Is The Great Gatsby Post-Hypocritical?
by Mr. Sheehy
I find myself thinking a lot about hypocrisy and irony as I contemplate The Great Gatsby and its place in American literature. Hypocrisy seems to me to be one of those characteristics that bothers people more than almost any other. It’s like it’s the great American vice, not in the sense that Americans do it more than other cultures, but in a sense that Americans seem to detest hypocrisy more than any other action or situation. A stringent totalitarian might be hated, but not nearly as much as a stringent totalitarian who doesn’t live by the same strict rules he enforces for others.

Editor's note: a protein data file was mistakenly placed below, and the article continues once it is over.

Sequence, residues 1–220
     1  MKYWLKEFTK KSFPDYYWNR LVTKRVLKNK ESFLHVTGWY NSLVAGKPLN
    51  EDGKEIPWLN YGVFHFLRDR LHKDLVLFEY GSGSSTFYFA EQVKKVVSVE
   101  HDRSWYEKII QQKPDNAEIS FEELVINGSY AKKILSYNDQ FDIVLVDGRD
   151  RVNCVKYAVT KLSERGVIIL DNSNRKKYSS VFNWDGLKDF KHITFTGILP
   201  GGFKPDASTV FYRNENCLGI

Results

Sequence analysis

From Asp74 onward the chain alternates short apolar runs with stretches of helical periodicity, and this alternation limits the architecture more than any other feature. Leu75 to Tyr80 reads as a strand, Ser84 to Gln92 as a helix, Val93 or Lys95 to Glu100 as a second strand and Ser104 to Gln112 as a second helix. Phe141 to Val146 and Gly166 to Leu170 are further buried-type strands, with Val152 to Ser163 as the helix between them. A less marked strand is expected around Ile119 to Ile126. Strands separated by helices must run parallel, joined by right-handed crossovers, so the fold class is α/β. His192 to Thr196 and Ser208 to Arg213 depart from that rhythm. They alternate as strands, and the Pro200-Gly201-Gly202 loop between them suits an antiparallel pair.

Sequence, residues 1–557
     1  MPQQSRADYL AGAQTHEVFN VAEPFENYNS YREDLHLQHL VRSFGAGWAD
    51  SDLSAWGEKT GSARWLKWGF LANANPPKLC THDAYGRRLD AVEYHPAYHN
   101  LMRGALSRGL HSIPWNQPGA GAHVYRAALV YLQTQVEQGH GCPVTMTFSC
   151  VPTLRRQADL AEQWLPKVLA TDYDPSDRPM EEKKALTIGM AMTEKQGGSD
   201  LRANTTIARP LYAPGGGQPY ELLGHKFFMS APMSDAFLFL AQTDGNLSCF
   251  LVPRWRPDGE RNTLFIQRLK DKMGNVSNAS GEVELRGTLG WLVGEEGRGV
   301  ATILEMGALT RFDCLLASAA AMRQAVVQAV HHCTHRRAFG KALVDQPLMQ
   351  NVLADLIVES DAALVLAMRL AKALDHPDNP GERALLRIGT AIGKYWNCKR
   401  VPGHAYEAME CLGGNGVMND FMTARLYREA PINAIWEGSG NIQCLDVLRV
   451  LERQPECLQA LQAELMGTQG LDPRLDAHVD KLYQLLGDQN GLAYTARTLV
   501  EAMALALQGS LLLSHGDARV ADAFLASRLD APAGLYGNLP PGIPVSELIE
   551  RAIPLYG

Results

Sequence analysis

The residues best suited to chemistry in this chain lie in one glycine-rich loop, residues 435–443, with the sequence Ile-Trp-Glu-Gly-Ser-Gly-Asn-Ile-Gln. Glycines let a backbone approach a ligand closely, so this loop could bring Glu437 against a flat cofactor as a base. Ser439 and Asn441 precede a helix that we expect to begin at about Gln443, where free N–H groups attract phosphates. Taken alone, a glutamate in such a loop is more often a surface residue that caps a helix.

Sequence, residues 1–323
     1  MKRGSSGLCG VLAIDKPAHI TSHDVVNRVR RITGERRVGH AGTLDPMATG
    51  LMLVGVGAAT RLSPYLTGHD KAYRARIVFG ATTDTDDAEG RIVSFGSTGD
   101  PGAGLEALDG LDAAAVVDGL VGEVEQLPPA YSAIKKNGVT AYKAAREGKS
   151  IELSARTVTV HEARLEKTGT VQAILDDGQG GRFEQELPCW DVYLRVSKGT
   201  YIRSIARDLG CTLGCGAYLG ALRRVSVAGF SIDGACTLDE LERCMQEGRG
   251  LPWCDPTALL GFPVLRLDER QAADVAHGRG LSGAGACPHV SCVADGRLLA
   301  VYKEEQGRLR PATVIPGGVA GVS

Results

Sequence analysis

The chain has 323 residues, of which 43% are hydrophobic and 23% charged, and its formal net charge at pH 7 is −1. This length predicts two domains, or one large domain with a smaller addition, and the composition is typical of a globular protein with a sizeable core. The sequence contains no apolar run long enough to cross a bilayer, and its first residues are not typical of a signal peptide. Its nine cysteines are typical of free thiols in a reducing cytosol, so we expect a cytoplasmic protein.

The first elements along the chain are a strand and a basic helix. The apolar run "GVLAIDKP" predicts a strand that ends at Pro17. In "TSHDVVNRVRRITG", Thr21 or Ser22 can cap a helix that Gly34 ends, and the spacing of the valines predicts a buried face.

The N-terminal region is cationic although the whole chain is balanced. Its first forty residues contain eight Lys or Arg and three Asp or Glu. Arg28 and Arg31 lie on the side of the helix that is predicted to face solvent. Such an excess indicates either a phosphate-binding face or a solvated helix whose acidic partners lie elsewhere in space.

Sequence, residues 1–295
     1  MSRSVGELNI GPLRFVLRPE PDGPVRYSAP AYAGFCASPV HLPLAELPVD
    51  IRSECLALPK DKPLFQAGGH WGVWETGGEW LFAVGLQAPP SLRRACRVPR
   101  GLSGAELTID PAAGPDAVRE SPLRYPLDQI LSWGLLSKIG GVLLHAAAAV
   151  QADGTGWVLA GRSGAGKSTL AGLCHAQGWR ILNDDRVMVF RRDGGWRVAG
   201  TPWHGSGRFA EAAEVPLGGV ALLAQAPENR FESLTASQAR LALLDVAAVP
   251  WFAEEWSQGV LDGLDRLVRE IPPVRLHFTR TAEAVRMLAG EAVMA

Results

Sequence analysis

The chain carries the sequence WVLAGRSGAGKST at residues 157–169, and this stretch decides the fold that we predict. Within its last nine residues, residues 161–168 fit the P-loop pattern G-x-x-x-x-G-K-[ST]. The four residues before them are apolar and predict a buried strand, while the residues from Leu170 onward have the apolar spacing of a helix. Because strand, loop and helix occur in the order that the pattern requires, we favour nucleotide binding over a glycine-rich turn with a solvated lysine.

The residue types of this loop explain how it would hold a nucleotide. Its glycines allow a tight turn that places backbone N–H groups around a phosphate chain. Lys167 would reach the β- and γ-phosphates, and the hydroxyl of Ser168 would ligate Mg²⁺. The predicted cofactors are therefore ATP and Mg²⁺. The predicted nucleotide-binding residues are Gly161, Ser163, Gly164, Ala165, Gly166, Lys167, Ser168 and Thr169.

Among the novels my American literature students read are The Scarlet Letter, The Adventures of Huckleberry Finn, and The Great Gatsby (though this year is my first year teaching Gatsby, so it’s a new adventure for me). Hypocrisy was at the heart of what The Scarlet Letter was about–Dimmesdale’s public face was one of holiness, but secretly he was the most guilty sinner. In The Adventures of Huckleberry Finn, Twain took the hypocrites and made them look ridiculous, to make sure we didn’t miss it. He mocked the hypocrites, yes, but even more so he seemed to be mocking those of us who actually believed those hypocrites, those of us who fall for the hypocrisy of the king and duke and get lulled into accepting the reasoning of the Grangerfords and the Shepherdsons.